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Effects of farmyard manure compost and biodynamic preparations

Long-term trial at IBDF Darmstadt (since 1980)


since 1992 Spring wheat

Third period (research focus: Yield formation and long-term effects)


 

Favourable growth conditions seem to be more important for mineral fertilization.
Only the yield of the minerally fertilized crop responded to the quantity of available water. In the most favourable year, the yield increased in MIN up to 52 dt ha-1. The manure fertilized wheat ranged between 35 and 45 dt ha-1, without any significant relation to water availability (50 to 150 mm).
 
   
 

    

Bivariate Korrelation SW
Bivariate correlation between spring wheat yield with
manure (CM) and mineral fertilization (MIN), both at
high fertilization level; (n = 55; 14 years, 4 replicates
per treatment; confidence ellipse for p<0.05); Raupp, 2001

Manure fertilization gave lower maximum yields but higher minimum yields.
This means the organic treatments had the same average yield over years but lower variations. The maximum yield of mineral fertilization has not been achieved with manure. On the other hand, under low-yielding conditions (poor water supply) yields declined more severely with mineral than with manure fertilization. This is shown in the figure with yield data of 14 years: MIN > CM in the high yield area; the opposite is true for the low yield area: MIN < CM. The slope of the main axis of the ellipse is significantly smaller than 1 (p<0.05).

 

 


 


 

 

Grain and straw yield, thousand seed weight (TSW) and harvest index (HI) of spring wheat with mineral fertilization (MIN) and composted manure without (CM) and with (CMBD) biodynamic preparations at 3 fertilization levels; averages of the years 1985-1993; Raupp (1995)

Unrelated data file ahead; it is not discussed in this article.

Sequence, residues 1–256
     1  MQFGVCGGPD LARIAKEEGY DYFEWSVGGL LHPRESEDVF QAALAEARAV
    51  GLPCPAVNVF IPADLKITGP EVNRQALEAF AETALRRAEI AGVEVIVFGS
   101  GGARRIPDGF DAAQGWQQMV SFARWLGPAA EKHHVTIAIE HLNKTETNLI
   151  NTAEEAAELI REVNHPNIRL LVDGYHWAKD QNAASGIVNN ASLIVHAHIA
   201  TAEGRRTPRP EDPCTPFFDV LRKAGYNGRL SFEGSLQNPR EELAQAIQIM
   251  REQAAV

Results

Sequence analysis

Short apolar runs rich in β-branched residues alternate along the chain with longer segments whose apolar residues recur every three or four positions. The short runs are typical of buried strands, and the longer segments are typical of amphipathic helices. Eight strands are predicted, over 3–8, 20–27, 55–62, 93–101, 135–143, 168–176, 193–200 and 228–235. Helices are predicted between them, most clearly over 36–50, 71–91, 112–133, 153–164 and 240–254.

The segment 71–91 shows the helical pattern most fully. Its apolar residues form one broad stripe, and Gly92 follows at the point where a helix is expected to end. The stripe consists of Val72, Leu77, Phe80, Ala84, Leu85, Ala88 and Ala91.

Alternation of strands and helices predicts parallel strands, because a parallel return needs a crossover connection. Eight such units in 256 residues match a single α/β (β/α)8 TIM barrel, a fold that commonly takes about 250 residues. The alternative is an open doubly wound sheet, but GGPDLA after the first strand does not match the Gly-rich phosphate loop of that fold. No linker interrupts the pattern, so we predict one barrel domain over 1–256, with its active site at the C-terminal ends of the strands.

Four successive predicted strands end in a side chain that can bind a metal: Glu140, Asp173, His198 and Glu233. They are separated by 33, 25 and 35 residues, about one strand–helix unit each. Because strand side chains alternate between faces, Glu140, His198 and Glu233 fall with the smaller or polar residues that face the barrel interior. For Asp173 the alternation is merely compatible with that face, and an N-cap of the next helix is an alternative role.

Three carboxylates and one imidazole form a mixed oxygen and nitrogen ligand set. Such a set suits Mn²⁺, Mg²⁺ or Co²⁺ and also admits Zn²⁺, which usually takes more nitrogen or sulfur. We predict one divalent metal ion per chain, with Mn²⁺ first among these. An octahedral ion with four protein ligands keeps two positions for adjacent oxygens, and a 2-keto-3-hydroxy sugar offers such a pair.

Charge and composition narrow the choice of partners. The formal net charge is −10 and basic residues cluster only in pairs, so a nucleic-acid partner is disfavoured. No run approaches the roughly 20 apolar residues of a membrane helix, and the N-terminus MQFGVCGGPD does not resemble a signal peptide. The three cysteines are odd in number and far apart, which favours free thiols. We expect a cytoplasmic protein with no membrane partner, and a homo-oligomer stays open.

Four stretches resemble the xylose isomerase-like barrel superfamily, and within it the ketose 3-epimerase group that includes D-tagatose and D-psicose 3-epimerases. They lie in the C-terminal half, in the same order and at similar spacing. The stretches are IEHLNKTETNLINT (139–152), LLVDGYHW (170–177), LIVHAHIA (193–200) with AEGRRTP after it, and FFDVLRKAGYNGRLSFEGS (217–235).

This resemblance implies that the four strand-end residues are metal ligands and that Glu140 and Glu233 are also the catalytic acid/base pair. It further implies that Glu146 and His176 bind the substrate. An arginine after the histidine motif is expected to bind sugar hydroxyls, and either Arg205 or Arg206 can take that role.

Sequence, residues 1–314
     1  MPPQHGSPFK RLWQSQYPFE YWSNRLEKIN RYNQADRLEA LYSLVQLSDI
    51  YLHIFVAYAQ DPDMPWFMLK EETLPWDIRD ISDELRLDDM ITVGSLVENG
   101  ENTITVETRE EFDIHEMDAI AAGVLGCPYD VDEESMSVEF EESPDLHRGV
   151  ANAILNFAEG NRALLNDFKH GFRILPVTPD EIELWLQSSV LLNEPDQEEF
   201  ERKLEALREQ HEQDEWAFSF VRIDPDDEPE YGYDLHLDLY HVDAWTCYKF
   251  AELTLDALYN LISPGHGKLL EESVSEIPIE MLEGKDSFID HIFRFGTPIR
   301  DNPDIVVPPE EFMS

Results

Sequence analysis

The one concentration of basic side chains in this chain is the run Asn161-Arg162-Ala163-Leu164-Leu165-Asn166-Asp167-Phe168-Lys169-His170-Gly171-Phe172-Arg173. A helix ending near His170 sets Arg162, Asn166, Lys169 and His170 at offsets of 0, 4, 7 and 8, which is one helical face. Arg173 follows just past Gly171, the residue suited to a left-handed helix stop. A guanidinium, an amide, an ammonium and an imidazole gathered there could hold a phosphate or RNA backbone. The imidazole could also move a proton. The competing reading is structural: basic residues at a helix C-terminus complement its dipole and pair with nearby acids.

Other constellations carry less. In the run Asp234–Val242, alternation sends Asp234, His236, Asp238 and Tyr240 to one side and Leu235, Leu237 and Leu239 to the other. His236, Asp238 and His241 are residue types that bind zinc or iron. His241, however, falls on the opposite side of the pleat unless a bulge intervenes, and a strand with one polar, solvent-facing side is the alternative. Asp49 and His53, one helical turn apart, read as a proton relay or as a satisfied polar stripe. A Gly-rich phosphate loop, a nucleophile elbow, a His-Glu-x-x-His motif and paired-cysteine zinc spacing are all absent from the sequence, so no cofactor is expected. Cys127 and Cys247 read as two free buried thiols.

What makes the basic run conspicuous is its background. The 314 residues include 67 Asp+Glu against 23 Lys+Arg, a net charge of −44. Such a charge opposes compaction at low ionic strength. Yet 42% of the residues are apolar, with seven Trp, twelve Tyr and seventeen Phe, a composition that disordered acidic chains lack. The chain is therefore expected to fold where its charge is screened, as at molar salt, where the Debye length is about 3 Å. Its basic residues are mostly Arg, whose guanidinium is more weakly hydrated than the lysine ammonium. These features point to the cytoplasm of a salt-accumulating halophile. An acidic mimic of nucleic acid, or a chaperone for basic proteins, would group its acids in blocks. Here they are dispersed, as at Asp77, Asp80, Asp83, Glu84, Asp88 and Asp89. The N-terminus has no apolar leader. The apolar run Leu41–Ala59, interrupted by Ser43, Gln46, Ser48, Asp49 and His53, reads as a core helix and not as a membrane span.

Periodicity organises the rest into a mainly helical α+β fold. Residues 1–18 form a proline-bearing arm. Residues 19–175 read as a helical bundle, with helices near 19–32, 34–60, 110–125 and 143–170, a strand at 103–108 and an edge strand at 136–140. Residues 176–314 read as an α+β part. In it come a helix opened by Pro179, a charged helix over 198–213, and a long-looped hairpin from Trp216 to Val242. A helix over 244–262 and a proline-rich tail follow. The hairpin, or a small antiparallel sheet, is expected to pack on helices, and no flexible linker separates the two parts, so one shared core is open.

Grain
(dt ha-1)
TSW
  (g)
 HI
 (%
)
Straw
(dt ha-1)
CM 1 31.9 31.7 39.5 47.5
CM 2 34.3 31.7 39.2 52.9
CM 3 37.4 32.8 39.3 57.4
CMBD 1 34.9 32.8 40.6 50.8
CMBD 2 34.1 32.4 40.2 51.0
CMBD 3 36.9 32.6 40.7 54.4
MIN 1 29.7 30.7 34.8 55.1
MIN 2 34.5 30.7 36.2 60.3
MIN 3 37.3 30.7 36.6 64.0
Mean values
CM 34.6  32.1 b 39.3 b 52.6 b
CMBD 35.3 32.6 b 40.5 b 52.0 b
MIN 33.8 30.7 a 35.9 a 59.8 a
1 32.2   31.8 38.3 51.2 a
2 34.3 31.6 38.5 54.7 ab
3 37.2   32.0 38.9 58.6 b
Mean values with different letters within a half
column are significantly different (p<0.05).

 

  Manure fertilization produced a higher thousand seed weight and a better harvest index.
 

On average over years, organic and mineral fertilization gave the same grain yield. The amount of straw was smaller and, therefore, the harvest index was better in the organic treatments. The seeds have been found to be thicker with manure fertilization.
 
Increasing fertilizer amounts resulted in more straw with all treatments.

 

 

 

 

 

 

 

 

 

 

 

 

 

 

 

 

 

 

 

 

 

 

 

 

 

 

 

 

 

 

 

 

Korrelation SW
Spring wheat yields with composted manure
in 11 years; CMBD = with preparations, CM =
without; main axis of the ellipse:
 Y1 = 0.724 * Y2 + 10.43; slope <1
(p<0.05); Raupp (1999)

 

The biodynamic preparations caused opposite yield effects depending upon yield level.
Under low-yielding conditions the preparations increased yields (CMBD > CM); high yields were reduced by the preparations (CMBD < CM).
 
This phenomenon and results of other experiments have been discussed by:

KÖNIG, U.J., 1993: Systemregulierung - Ein Wirkungsprinzip der biologisch-dynamischen Präparate. In: Zerger, U. (Ed.); SÖL-Sonderausgabe Nr. 42, 394-396.

RAUPP, J., 1999: Biodynamic approaches in research and development. In: Zanoli, R.; Krell, R. (eds.); Research Methodologies in Organic Farming. FAO Regional Office for Europe, REU Technical Series 58; 41-47

RAUPP, J.; KÖNIG, U.J., 1996: Biodynamic preparations cause opposite yield effects depending upon yield levels. Biol. Agric. & Hort. 13, 175-188

 

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